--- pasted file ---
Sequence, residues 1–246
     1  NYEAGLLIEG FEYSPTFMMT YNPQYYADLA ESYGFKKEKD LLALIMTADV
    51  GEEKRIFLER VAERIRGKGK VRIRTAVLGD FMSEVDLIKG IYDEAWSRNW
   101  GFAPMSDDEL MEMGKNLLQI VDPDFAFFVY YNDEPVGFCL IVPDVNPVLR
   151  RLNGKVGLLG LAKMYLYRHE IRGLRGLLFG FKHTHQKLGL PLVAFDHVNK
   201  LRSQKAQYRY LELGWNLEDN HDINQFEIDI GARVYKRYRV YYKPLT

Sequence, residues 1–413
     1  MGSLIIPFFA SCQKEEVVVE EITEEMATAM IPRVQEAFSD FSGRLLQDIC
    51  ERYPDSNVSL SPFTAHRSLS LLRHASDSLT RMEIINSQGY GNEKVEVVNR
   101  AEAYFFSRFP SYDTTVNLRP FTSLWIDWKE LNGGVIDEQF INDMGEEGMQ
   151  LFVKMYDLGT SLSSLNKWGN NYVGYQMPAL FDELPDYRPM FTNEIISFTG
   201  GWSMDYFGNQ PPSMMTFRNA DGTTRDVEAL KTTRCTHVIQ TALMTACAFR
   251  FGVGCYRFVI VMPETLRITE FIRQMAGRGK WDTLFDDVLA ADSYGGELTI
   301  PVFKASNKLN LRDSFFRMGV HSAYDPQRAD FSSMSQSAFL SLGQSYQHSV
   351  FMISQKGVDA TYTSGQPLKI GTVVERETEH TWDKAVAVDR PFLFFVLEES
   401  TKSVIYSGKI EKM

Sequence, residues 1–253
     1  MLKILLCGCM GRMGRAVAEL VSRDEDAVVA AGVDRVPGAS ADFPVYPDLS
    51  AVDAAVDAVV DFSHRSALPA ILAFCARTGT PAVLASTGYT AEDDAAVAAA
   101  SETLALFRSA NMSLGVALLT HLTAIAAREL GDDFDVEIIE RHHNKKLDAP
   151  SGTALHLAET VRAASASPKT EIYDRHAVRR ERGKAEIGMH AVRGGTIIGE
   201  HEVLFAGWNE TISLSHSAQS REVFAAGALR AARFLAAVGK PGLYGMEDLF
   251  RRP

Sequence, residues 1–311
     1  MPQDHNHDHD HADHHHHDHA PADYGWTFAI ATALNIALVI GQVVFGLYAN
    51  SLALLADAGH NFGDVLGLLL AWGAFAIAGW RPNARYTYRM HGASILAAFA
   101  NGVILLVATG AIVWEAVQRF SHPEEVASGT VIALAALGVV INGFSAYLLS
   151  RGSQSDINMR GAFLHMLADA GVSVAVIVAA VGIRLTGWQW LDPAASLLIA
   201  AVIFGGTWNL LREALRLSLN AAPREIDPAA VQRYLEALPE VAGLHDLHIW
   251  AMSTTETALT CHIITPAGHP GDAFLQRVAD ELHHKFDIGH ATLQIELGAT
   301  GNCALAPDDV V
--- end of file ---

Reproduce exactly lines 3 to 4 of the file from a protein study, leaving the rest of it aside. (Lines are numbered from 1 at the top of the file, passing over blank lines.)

    51  GEEKRIFLER VAERIRGKGK VRIRTAVLGD FMSEVDLIKG IYDEAWSRNW
   101  GFAPMSDDEL MEMGKNLLQI VDPDFAFFVY YNDEPVGFCL IVPDVNPVLR